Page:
Fingerprint Test Can Tell if a Person Used Cocaine or Simply Touched it
Monday, February 10, 2020
Forensic researchers at the University of Surrey have debuted a new fingerprint test using high-resolution mass spectrometry (HRMS) that is sensitive enough to tell if an individual has ingested cocaine or merely handled it. The difference is critical when you consider the legal ramifications of ingesting the Class A drug versus being exposed to the drug by environmental factors, such as handling money.
In 2017, Melanie Bailey and her team utilized the HRMS method to detect cocaine in the fingerprints of drug users, but did not consider the fact that 1 in 10 non-drug users are exposed to cocaine through environmental factors.
In the current study, the researchers took fingerprints from persons who had testified to taking cocaine during the previous 24 hours. Fingerprints were collected from each patient, and the participants were then asked to wash their hands thoroughly with soap and water before giving another set of fingerprints. The same process was used to collect samples from a pool of non-drug users who touched street cocaine.
Cross-referencing the data, the researchers discovered that a molecule produced in the body when cocaine is ingested, benzoylecgonine, is essential in distinguishing those who have consumed the drug from those who have only held it. Benzoylecgonine was not present in samples from drug non-users, even after touching street cocaine and then washing their hands.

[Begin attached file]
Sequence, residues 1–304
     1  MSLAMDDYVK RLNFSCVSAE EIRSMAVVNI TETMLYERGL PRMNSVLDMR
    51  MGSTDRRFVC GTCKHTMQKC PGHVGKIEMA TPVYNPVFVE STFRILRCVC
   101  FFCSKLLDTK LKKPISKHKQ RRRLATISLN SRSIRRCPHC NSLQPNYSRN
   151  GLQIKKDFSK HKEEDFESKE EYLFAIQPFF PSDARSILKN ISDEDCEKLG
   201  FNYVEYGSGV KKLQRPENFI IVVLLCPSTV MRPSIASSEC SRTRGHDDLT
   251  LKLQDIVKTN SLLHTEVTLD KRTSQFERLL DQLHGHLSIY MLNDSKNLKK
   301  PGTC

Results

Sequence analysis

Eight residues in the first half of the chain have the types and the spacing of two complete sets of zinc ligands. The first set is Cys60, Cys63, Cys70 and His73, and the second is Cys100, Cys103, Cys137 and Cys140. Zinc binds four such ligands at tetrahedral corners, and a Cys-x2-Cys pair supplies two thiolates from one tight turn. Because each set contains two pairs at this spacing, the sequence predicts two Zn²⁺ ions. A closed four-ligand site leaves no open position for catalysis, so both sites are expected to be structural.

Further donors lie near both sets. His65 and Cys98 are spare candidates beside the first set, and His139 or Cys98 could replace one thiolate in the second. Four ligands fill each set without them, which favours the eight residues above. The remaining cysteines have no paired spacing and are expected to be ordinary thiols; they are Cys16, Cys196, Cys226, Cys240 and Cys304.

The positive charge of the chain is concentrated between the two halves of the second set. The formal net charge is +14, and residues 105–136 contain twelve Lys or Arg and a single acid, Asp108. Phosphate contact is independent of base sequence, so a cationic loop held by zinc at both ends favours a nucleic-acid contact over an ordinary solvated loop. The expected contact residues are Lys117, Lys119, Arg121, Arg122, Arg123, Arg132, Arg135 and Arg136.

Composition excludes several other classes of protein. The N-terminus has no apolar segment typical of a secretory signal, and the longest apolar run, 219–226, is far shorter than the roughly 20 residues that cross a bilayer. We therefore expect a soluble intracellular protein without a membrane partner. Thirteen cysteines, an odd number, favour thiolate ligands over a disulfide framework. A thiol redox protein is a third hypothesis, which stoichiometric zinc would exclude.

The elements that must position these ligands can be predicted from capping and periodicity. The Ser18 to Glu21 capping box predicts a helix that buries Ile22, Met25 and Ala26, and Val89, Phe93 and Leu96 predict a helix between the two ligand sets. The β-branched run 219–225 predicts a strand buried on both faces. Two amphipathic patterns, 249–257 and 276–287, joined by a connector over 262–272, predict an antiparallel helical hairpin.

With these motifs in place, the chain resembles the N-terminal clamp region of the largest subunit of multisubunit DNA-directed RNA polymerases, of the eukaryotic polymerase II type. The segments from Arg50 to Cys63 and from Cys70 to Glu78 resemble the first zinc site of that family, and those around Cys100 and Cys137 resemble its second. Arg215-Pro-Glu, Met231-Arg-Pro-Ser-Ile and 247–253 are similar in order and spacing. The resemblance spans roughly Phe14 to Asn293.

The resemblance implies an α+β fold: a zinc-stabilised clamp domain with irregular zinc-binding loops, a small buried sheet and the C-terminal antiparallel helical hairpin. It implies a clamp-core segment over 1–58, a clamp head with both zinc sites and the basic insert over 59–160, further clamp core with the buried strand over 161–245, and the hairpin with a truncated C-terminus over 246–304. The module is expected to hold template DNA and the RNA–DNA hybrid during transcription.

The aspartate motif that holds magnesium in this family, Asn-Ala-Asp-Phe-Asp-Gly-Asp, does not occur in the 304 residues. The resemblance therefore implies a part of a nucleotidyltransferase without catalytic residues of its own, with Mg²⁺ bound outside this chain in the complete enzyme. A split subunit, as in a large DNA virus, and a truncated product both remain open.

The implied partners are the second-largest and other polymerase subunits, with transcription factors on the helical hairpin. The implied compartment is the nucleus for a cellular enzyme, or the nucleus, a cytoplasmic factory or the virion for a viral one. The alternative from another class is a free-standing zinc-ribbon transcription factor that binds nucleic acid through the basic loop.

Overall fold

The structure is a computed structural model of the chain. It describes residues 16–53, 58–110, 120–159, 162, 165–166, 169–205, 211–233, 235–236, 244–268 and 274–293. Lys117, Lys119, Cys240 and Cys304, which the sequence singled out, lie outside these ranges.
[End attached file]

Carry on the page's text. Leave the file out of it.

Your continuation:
However, limitations to the method do exist. While it provides better selectivity and relies less on chromatography, it is lab-based and therefore cannot be used in a roadside test by law enforcement.
“At the roadside it would be possible to carry out a screening test, but you would still need to collect a sample to take back to the lab for confirmation,” Bailey told Forensic.
Additionally, the experimental test as comprised can only tell the difference between contact and ingestion of cocaine if a person has washed their hands prior to leaving a fingerprint.
“Hands do need to be washed to make that distinction,” said Bailey. “For fingermarks left at crime scenes, it would not be possible to distinguish cocaine contact from cocaine use without the hand-washing.”
The researchers believe there is potential for the HRMS method beyond forensic analysis. They are, for example, researching the possibility of using a fingerprint to test the therapeutic level of a drug to ensure medication is delivered at the correct dose. According to University of Surrey researcher Catia Costa, the team has already shown that antipsychotic medications can be detected in fingerprints, and research is ongoing.
Michelle Taylor Editor-in-Chief